:DATE_LAST_CHECKED An Oracle Alert implicit input that contains the date and time that an alert was last checked. Oracle Alert automatically provides the value for :DATE_LAST_CHECKED. You must use :DATE_LAST_CHECKED to create self–referencing alerts. Action A message, a SQL statement script, an operating system script, or a concurrent program request that Oracle Alert performs during an alert check or as a result of processing a response. Action Definition The set of instructions you provide Oracle Alert that tell it how to perform an action. For example, whether you define your action as detail, summary, or no exception is part of the action’s definition. Action Escalation An Oracle Alert feature that allows you to create a set of detail actions of escalating severity levels for Oracle Alert to perform if it finds the same exception during consecutive alert checks. Oracle Alert performs one action during each alert check. Action Group The collection of actions that comprise a threshold group or an escalation group. An action group can be included in the action set for an alert. Action History A record of the actual actions performed for each action set check that includes the value substituted for each output. Action Set The set of inputs, outputs, actions, and action groups for an alert that define the instructions you want Oracle Alert to perform during an action check. Action Set Check One execution of an alert’s Select statement. Actual Response The reply that an alert message recipient sends to Oracle Alert. Ideally, the actual response matches a defined valid response. Alert A SQL Select statement that checks your database for certain exceptions and performs actions based on the exceptions found. Alert Check One completed request of Check Periodic Alert (ALECDC) or Check Event Alert (ALECTC). Alert Check History Information that Oracle Alert keeps about each alert check, such as date and time, number of exceptions found, and whether the alert check completed successfully.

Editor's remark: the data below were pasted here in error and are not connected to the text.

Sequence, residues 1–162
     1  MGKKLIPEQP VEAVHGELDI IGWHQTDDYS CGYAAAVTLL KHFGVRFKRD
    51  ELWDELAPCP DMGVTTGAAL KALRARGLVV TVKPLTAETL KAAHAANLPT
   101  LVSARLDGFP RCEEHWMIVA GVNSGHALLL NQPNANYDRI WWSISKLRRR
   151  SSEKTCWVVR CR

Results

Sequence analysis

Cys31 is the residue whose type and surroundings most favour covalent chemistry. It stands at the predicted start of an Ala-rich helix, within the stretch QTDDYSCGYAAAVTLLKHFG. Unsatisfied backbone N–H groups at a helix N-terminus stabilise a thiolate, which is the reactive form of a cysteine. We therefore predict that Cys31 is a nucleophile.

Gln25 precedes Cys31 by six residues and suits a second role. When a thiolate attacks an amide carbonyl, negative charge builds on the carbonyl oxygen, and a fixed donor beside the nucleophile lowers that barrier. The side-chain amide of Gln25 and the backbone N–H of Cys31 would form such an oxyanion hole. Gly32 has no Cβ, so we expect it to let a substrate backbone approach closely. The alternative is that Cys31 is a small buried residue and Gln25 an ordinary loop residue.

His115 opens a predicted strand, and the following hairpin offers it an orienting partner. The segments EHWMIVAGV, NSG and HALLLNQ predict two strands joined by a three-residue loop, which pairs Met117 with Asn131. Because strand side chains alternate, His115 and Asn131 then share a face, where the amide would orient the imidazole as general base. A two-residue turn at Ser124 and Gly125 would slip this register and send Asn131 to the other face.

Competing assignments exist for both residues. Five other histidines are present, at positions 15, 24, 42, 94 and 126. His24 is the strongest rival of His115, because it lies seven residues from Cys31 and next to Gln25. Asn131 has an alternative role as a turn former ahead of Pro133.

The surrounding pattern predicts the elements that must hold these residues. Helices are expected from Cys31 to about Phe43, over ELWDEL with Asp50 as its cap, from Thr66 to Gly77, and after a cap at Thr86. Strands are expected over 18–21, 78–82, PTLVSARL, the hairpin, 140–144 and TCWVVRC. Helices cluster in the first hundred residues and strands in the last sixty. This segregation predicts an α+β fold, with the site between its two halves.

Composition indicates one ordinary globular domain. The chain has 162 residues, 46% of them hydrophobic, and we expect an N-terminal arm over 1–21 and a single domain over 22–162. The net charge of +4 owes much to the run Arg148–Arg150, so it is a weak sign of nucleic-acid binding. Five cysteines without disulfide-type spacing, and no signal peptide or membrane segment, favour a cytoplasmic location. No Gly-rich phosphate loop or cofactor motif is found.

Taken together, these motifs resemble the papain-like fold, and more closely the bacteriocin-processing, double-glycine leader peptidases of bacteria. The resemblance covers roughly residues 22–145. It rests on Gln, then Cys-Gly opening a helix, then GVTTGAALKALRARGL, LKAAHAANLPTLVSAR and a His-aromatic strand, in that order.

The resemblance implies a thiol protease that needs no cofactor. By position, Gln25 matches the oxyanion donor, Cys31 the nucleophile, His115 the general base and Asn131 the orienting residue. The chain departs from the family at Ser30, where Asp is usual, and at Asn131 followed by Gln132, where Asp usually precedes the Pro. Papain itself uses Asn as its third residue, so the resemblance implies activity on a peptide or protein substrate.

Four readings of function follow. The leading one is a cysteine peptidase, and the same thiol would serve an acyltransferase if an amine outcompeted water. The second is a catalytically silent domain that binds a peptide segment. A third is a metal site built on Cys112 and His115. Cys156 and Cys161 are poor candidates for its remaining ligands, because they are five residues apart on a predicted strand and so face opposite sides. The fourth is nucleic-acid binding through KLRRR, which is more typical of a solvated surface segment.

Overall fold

Glossary – 1

Application A unique Oracle name that identifies a set of forms, reports, and programs. Application Installation A unique combination of an application and an Oracle User. Automatically created for Oracle Applications by AutoInstall, you can also create your own application installation for your custom applications. Application Response Account A mail account where users return alert messages with their responses, also known as the response processing Inbox. When the response processor runs, it moves all the messages in this account to the Reviewed folder before determining which messages are responses. AutoInstall The Oracle Applications automated installation program. Check Event Alert (ALECTC) The Oracle Alert concurrent program that submits a request to the concurrent manager to run an event alert. Check Periodic Alert (ALECDC) The Oracle Alert concurrent program that submits a request to the concurrent manager to run a periodic alert that you check on demand. Column The data in a message that represents the value Oracle Alert substituted for a single output. A summary message can include many columns, each one using a specified number of characters across, and as many lines down as are needed to fit the information from all the exceptions.